The great Dane gets himself
a Game of Thrones makeover

Icarus Theatre Collective - Hamlet Tour 2017. Picture by George Riddell
Icarus Theatre Collective - Hamlet Tour 2017. Picture by George Riddell
Jon Richardson 'Old Man'. Picture by Andy Hollingworth

REVIEW: Jon Richardson at The Kings Theatre, Southsea

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Sometimes a tagline is just too good to resist, so when ‘Shakespeare for the Game of Thrones generation’ was suggested about Icarus Theatre Collective’s production of Hamlet, they embraced it.

Sometimes a tagline is just too good to resist, so when ‘Shakespeare for the Game of Thrones generation’ was suggested about Icarus Theatre Collective’s production of Hamlet, they embraced it.

Director Max Lewendel says: ‘I was going around pitching lots of different shows to venues, including The Kings. I had about eight different shows running around in my head that I was talking to them about and Hamlet is the one that everyone said: “Yes, we want that one”.

‘Possibly because I was the most passionate about that one, but also because I think it’s something that a lot of people are wanting at the moment – it’s a take on it that’s much more active and different, and has a stronger contemporary resonance.’

The play is one of Shakespeare’s most celebrated as it follows the titular Danish prince as he seeks to avenge his father’s death, and a bloody tragedy unfolds.

Regarding the TV fantasy show which has been one of the biggest hits of recent years, Max explains: ‘When I was going around venues and describing what I wanted to do, I didn’t have that pitch in mind. It was one of the venues that said to me as I was talking about the sword-work and all the blood we’re using: “It sounds like Game of Thrones”. And I went: ‘Yes, it kind of is!” And we ran with that from there.

There’s no contemporary verse in there, but hopefully it’s done in a way that’s visual as well as just the verse. You don’t have to get it intellectually, you can let it wash over you

Max Lewendel, director of Hamlet

‘He actually wanted me to call it Game of Hamlet, but I thought that was a little too much, too market-driven and people would expect dragons.

‘But we settled on Hamlet for the Game of Thrones generation – it’s for people who like that, but not moving it into that world.

‘It’ll help us a lot if season seven is good – if not...’ he laughs.

Nicholas Limm is tackling the lead and says: ‘Hamlet’s one of my favourite plays, so I’ve seen loads of depictions of Hamlet.

‘I’ve got the advantage of a really strong ensemble in this . I have the freedom to play off some very strong other characters and the whole world created here makes it unique in and of itself.’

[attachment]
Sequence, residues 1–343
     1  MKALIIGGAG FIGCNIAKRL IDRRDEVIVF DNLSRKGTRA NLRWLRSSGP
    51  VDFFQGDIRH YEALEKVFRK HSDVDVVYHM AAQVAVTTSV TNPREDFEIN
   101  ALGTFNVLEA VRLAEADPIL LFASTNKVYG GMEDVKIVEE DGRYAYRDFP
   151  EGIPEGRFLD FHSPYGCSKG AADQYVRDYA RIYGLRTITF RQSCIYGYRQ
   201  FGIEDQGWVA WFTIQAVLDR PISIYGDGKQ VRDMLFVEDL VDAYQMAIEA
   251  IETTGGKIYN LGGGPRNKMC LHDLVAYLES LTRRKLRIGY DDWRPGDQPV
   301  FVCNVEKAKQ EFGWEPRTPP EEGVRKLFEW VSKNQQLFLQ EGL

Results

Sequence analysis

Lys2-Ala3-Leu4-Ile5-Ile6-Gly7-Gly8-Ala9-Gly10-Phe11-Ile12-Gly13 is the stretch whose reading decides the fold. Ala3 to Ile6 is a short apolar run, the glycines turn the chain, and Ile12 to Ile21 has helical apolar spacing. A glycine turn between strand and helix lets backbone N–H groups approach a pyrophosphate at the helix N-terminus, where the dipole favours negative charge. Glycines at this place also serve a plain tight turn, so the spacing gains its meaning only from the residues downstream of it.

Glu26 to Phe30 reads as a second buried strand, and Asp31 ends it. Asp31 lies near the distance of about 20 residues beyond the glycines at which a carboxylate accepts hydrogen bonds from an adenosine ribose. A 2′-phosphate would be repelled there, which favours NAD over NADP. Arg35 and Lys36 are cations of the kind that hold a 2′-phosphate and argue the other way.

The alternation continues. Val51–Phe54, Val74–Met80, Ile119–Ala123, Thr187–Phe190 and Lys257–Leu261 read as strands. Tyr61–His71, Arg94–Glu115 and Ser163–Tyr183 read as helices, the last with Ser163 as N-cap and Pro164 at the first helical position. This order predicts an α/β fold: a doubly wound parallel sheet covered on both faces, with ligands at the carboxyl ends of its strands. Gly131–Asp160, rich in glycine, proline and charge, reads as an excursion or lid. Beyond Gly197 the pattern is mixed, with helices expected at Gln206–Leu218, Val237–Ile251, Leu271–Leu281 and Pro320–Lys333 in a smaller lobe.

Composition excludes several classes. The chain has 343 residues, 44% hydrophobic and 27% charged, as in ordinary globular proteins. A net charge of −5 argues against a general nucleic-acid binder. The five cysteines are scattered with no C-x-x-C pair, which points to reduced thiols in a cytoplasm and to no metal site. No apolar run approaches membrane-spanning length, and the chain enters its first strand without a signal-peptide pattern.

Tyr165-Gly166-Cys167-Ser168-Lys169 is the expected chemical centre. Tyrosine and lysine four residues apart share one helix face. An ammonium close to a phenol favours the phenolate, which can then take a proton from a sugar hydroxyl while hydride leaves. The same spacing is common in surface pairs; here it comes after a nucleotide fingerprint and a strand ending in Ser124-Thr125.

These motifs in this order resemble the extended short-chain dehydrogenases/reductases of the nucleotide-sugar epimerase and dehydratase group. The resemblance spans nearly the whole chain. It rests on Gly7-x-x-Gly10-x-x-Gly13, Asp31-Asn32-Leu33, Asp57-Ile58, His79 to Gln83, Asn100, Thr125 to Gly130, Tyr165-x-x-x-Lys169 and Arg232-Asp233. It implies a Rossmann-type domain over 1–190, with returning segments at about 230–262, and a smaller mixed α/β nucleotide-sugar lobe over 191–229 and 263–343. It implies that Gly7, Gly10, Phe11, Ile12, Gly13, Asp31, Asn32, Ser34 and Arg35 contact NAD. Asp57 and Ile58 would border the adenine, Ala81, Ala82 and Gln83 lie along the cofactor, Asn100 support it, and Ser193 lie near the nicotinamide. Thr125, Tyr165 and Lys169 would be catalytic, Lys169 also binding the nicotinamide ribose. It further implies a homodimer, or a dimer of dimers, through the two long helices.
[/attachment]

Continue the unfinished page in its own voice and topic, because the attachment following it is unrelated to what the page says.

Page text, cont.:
Hamlet is one of the roles young male actors are supposed to covet. So how has Nicholas approached it?

‘It’s a case of trying to make it come from a place of truth. I see Hamlet as around my sort of age, so there’s things I can relate to and there’s so much opportunity to explore all these different facets of his relationships with his mother and Ophelia and his uncle and things like that – there’s a broad spectrum of things you can relate to and find things in yourself.’

The production features an edited version of the text, but as Max explains: ‘There’s no contemporary verse in there, but hopefully it’s done in a way that’s visual as well as just the verse. You don’t have to get it intellectually, you can let it wash over you.’

The other main change is having Horatio and Rosencrantz played by women.

‘It was conscious choice to have a woman play Horatio,’ explains Max. ‘It just felt like a female character to me, it added something to the dynamic between them that hadn’t been done before. With Rosencrantz, it was down to the casting, I was open. I tried it several ways, and it worked well with one man and one woman.

‘The characters are so strong, and we’ve established Horatio and Hamlet have this connection, this intense friendship and we talked about the dynamic with regards to Rosencrantz and Guildenstern as well and it’s quite nice to have that with a man and a woman.

‘It’s nice to have some strong female characters as well.

‘I think it’s important for doing Shakespeare today, that you find some characters to change the gender of as it’s so dominated by male roles, and in this day and age it’s about time we fixed that.’

There is already one very famous female role in Hamlet though – the doomed Ophelia.

In this version though, as played by Kerry Gooderson, she’s not portrayed as a weak-willed victim.

‘She’s very funny, humane actress,’ says Nicholas, ‘and she doesn’t fall into the trap of the “woe is me” and flinging herself around – she brings a kind of steely fierceness to it, and a power behind it, which makes her descent into madness all the more poignant. She’s also fully armed, so she’s a match for Hamlet and hopefully we’re playing it as if they’re equals.’

Students can get discount tickets at £8 each by entering the code ‘CROWN17’ when buying online.

The Kings Theatre, Southsea

April 1&4

kingsportsmouth.co.uk